Long noncoding RNA MALAT1 inhibits apoptosis induced by oxygen-glucose deprivation and reoxygenation in human brain microvascular endothelial cells
- Jia‑Wei Xin
- Yu‑Gang Jiang
Affiliations: Department of Neurosurgery, The Second Xiangya Hospital, Central South University, Changsha, Hunan 410011, P.R. China
- Published online on: February 2, 2017 https://doi.org/10.3892/etm.2017.4095
Copyright: © Xin
et al. This is an open access article distributed under the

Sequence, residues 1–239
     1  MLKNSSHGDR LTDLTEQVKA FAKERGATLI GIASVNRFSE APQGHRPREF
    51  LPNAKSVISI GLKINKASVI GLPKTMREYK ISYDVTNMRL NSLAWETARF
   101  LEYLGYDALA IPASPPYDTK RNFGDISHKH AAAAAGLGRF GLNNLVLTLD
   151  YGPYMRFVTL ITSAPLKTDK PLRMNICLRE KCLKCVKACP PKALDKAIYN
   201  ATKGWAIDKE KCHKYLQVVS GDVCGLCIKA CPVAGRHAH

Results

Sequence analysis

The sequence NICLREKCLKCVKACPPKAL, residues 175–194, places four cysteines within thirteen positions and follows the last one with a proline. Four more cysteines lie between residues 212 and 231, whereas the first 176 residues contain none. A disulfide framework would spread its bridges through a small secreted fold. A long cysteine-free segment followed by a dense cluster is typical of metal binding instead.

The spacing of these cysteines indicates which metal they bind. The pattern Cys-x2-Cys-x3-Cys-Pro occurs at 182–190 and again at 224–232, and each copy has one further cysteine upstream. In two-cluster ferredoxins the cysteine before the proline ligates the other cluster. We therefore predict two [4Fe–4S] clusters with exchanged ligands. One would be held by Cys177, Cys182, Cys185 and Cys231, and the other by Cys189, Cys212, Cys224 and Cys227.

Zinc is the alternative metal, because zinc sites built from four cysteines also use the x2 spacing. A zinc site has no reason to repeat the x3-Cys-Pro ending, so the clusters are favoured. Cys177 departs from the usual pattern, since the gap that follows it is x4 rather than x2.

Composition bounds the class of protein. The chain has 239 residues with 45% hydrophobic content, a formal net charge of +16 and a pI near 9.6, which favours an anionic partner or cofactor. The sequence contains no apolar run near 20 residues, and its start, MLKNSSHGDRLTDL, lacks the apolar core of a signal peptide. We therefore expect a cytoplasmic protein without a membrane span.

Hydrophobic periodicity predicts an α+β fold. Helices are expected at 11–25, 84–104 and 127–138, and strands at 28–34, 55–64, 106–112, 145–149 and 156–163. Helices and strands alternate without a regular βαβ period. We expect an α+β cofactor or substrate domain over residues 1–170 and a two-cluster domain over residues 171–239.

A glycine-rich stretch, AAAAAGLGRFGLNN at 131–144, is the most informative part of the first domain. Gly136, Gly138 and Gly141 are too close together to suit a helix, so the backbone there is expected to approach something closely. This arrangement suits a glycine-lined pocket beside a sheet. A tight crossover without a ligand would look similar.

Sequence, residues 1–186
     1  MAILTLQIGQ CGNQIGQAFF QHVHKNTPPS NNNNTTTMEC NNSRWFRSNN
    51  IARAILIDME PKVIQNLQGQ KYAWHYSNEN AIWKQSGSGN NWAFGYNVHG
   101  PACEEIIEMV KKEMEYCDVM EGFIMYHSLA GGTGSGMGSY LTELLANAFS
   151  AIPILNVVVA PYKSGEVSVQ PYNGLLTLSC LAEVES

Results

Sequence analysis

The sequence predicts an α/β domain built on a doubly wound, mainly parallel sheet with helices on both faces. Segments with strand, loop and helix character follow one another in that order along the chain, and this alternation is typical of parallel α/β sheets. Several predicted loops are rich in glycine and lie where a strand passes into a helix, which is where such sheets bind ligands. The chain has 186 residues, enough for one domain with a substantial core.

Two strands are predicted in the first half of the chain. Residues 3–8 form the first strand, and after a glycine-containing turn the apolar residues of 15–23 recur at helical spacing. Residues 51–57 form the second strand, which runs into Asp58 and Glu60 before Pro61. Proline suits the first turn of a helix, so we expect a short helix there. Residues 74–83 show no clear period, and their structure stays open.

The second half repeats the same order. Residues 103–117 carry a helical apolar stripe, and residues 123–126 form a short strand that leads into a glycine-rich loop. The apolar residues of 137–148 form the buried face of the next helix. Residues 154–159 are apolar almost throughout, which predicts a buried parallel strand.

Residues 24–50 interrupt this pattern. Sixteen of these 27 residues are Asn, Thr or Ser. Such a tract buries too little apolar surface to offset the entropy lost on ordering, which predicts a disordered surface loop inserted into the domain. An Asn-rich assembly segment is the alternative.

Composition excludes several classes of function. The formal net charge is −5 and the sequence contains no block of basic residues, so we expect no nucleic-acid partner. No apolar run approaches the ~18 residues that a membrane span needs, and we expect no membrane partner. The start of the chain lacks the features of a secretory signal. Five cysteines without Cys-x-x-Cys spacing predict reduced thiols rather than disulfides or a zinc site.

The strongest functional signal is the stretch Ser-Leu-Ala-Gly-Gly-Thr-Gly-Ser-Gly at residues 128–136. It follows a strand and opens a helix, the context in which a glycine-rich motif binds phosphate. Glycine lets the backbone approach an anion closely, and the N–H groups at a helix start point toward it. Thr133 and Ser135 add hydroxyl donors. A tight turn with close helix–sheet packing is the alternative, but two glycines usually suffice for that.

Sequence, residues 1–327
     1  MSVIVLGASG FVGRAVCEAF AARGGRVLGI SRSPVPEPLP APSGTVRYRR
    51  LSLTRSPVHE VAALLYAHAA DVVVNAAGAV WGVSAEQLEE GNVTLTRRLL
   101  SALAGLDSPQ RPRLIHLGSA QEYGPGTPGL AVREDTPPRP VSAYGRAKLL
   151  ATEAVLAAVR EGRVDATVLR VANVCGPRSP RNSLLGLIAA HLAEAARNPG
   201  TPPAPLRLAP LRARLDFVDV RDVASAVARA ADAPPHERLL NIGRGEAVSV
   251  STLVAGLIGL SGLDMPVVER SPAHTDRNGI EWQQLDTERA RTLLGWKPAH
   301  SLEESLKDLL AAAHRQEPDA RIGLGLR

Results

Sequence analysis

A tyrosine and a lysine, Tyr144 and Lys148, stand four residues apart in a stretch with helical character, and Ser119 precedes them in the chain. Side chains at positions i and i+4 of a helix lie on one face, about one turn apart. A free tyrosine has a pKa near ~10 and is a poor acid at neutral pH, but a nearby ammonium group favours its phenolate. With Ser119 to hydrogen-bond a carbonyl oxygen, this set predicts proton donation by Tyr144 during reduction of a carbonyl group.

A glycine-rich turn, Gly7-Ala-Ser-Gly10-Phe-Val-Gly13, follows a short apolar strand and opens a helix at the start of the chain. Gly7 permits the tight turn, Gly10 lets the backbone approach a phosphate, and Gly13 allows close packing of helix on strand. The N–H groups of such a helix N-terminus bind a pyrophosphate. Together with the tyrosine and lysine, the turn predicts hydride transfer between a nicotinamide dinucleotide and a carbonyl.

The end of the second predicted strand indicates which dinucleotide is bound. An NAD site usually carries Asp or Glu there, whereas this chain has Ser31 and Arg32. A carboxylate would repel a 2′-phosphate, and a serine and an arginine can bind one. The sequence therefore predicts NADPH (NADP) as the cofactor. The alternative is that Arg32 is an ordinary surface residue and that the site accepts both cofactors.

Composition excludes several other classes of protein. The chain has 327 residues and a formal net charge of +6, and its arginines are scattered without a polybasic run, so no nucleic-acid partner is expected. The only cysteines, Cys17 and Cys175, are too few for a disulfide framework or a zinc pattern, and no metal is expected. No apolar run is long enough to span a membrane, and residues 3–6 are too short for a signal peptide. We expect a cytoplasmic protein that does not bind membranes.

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Cerebral ischemia/reperfusion (I/R) injury leads to brain vascular dysfunction, which is characterized by endothelial cell injury or death. Long noncoding (lnc) RNA metastasis-associated lung adenocarcinoma transcript 1 (MALAT1) is reportedly associated with endothelial cell functions and dysfunctions. In the present study, the role of MALAT1 in I/R-induced cerebral vascular endothelial cell apoptosis was explored using oxygen‑glucose deprivation and reoxygenation (OGD‑R) as an in vitro I/R injury model. Primary human brain microvascular endothelial cells were cultured under OGD‑R, and the expression levels of MALAT1 and cell apoptosis were measured at 6, 9, 12, 24 and 36 h post‑reoxygenation. The expression levels of MALAT1 and the apoptotic rate of cells exposed to OGD-R exhibited contrasting trends following reoxygenation. Following OGD‑R, lentiviral overexpression of MALAT1 increased phosphatidylinositol 3‑kinase (PI3K) activities and the activation of Akt phosphorylation, and decreased cell apoptosis and caspase 3 activities, which were successfully abolished by treatment with a PI3K inhibitor, Wortmannin. Conversely, lentiviral knockdown of MALAT1 decreased PI3K activities and the activation of Akt phosphorylation, and increased cell apoptosis and caspase 3 activity. Overexpression and knockdown of MALAT1 exhibited no significant effects on OGD‑R‑induced reactive oxygen species (ROS) production. In conclusion, to the best of our knowledge, the present study was the first to suggest that lncRNA MALAT1 may protect human brain vascular endothelial cells from OGD‑R‑induced apoptosis via a PI3K‑dependent mechanism. These findings suggest that MALAT1 may be a potential novel therapeutic target for cerebral I/R injury.